The younger players at Nashville Predators’ training camp have no choice. General manager David Poile hopes the veterans make the wise choice.
The rookies and prospects all were ordered to wear a protective shield that covered the top and sides of their skates beginning with their Tuesday workout and their scrimmages with the Florida Panthers’ rookies each of the next two days.
Veterans have been strongly encouraged to do so as well with their first on-ice session of training camp Saturday morning.
“Certainly, I hope the guys give it a try,” Poile said. “If you break a toe or something like that, you’re out six weeks and it’s a very frustrating injury. Now, we have the equipment to prevent that. So why wouldn’t they use it?”
The shields are made of thin, clear material, often polycarbonate, which also is used in bulletproof glass and compact discs. They fit on the outside of the skates in a way that creates little – if any – obstruction.
“Sometimes if you get really down on your edges you’ll feel them scraping the ice,” defenseman Jonathon Blum said. “It’s something you’ve got to get used to, I guess.
“…They’re a little goofy looking, but when you’ve got Shea Weber shooting the puck through the net and breaking people’s bones they’re going to save you in the long run.”
Weber’s slap shot is one of the Predators’ greatest assets, but it is not without its downside. In recent seasons, he has knocked his own teammates out of action for a time after they got in the way of one of them.
Given that between now and the start of the season on Oct. 9, it primarily will be Nashville’s players and prospects skating against Weber it seems to make sense.
The truth is, though, that most players in the NHL can fire a frozen piece of vulcanized rubber to do some damage. Weber’s just does a little more.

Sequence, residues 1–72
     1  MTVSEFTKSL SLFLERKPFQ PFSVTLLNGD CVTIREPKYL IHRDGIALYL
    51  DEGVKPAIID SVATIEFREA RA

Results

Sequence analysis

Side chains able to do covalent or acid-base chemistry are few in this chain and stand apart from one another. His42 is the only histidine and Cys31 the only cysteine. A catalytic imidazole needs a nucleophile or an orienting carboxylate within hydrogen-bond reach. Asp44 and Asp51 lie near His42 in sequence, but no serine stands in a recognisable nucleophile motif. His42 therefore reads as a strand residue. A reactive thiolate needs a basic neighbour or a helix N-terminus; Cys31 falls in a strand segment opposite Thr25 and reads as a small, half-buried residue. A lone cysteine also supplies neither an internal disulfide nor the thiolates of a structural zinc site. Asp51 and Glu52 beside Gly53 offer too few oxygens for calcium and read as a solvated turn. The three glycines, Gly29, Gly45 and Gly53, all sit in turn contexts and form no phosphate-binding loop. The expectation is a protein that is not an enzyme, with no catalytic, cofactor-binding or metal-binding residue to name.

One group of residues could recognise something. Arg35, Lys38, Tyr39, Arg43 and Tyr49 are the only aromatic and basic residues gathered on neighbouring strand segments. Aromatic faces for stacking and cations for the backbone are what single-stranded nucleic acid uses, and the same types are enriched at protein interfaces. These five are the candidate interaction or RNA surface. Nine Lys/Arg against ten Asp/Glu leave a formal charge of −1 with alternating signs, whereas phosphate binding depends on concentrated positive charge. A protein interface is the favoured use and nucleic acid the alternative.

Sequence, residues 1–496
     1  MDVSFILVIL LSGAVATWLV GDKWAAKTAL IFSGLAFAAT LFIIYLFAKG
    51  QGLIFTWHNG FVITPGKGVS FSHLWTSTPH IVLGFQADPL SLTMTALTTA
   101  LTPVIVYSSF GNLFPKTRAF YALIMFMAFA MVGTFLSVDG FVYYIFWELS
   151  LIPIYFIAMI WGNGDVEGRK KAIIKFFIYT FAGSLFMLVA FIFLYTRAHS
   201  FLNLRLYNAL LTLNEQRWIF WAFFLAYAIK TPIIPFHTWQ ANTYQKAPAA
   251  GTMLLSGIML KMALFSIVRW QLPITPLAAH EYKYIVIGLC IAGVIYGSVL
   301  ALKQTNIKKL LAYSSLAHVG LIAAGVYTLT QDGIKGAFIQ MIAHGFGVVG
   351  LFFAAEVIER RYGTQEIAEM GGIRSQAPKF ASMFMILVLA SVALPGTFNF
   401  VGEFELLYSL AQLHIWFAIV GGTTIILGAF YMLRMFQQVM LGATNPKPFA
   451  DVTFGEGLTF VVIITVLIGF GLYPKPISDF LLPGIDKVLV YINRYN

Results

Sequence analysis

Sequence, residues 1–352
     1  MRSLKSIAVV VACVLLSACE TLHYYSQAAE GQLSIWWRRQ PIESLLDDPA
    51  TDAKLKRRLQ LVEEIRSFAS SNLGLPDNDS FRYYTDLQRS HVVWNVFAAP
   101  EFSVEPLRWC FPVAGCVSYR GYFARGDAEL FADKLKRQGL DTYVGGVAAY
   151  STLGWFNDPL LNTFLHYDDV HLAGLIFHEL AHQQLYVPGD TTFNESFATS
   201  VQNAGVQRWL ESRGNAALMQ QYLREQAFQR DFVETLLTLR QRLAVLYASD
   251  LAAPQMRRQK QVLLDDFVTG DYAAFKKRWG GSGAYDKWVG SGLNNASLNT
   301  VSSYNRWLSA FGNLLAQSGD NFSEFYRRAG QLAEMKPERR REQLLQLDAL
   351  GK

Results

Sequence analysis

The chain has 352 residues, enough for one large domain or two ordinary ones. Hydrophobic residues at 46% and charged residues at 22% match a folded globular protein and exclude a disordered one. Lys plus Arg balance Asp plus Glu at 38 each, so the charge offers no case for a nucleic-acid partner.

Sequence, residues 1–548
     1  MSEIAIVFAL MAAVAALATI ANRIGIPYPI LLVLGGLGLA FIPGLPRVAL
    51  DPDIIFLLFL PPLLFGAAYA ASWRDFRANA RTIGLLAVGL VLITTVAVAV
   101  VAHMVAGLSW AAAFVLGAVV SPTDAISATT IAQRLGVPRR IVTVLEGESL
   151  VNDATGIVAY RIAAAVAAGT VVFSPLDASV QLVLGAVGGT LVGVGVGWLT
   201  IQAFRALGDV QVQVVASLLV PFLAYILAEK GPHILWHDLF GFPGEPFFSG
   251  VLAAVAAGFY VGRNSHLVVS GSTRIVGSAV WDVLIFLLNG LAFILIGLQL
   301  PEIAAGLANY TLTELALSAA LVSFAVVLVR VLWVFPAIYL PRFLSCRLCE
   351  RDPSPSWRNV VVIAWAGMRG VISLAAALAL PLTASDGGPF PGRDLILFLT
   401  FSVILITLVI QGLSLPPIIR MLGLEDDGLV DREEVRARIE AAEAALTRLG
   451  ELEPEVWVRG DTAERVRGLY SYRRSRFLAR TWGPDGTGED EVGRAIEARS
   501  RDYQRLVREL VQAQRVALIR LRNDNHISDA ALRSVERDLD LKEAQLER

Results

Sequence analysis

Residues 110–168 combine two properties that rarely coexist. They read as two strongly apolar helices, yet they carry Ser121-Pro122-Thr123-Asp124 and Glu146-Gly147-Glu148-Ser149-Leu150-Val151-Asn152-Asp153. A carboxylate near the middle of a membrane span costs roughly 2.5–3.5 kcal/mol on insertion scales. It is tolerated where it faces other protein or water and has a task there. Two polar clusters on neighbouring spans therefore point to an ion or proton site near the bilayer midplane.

“I’m sure if you get Shea Weber’s shot on your foot, I’m pretty sure that foot’s shot for a while,” defenseman Ryan Ellis said. “You have to think ahead before stuff like that happens, and I think that’s what the organization is doing.
“The first time out there you’re going to be like, ‘Oh, these are kind of bulky and these are kind of annoying.’ As you go on you’re not going to notice them as much and they’re going to become more of just daily equipment.”
Poile believes that already is the case.
“To me, there appears to be no downside,” Poile said. “Nobody said anything after the rookie scrimmages, which I assume meant that weren’t even thinking about them. Charles-Oliver Roussel blocked a shot with his foot in (Wednesday’s rookie) game and it didn’t seem to even bother him.
“It’s something that could be advantageous to the players, so we’ve recommended that all our guys use them.”
• The Predators’ rookies completed a two-game sweep of their Florida counterparts with a 5-1 victory Thursday morning.
Taylor Beck (one goal, one assist) had multiple points in both contests. He had a pair of goals in Wednesday’s 5-0 victory.
Peter Mueller had two goals, and 2010 first-round draft pick Austin Watson had two assists on Thursday.
“Excellent,” Poile said. “Two very positive games on every front. … We felt every player made a contribution.”